You can withdraw your basis—the amount in the cash-value account you’ve paid in premiums—tax-free. That could provide a cash cushion in case, say, the stock market takes a 2008-style downturn and you want to give your portfolio a chance to recover. (Withdrawals that exceed what’s in the cash-value account will be taxed in your top tax bracket.) The death benefit will be reduced by the total amount you withdraw. You can also borrow against your policy, and you won’t have to undergo a credit check. Interest rates range from 5% to 8%, depending on market rates and whether the loan is fixed or variable. If you don’t repay the loan, or pay back only part of it, the balance will be deducted from your death benefit when you die.
When you borrow against your policy, you’re not taking withdrawals from your account that you’ll pay back later, as is the case with a 401(k) loan. Rather, the insurer is lending you money and using your policy as collateral. Unless you pay the interest out of pocket, it will be added to the loan balance. If the balance exceeds the policy’s cash value, the policy could lapse, and you’ll owe taxes on the amount of the cash value, including loans, that exceed the premiums you paid.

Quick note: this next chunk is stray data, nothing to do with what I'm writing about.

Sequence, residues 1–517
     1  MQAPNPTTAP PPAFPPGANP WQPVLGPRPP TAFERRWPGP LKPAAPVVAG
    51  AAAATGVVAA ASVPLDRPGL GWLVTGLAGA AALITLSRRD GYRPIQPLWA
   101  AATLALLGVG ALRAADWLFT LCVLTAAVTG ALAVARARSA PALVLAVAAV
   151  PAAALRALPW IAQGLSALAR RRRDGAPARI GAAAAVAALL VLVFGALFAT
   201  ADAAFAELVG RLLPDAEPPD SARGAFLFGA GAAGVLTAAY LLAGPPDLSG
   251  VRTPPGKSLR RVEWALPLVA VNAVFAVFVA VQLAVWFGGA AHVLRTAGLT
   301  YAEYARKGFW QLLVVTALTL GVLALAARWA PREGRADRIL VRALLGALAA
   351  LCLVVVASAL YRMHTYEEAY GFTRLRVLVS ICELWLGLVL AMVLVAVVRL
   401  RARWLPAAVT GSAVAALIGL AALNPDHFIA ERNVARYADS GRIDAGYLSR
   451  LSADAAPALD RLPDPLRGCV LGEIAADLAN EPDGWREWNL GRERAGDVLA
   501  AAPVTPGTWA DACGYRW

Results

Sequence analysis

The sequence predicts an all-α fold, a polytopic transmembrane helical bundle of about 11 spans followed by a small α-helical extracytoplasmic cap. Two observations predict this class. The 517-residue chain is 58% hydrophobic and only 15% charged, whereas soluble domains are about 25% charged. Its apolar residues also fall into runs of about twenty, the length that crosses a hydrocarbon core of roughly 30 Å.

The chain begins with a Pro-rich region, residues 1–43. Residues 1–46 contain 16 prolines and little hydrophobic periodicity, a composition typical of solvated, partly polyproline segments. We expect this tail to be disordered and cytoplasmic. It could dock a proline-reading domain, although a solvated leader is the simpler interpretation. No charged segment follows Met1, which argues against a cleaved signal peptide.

What if you need a regular source of income? One option is to convert your life insurance into an income annuity through what’s known as a 1035 exchange. The downside to this strategy is that you’ll give up the death benefit, but you’ll lock in income for the rest of your life, or for a specific number of years. The conversion is tax-free, but you’ll pay taxes on a portion of each payout, based on the proportion of your basis to your gains. Your insurance company may offer an income annuity, but you should look at payouts offered by other providers, too.
KIP TIP: If your insurance policy pays dividends, you can generate income without giving up the death benefit. Instead of reinvesting the dividends in the policy, which will increase its death benefit and cash value, you can take the dividends in cash. Dividends typically range from 5% to 6.7%, and any dividends you receive up to the policy’s cost basis are tax-free. Dividends that exceed that amount are taxable.
11. Plan for Health Care Costs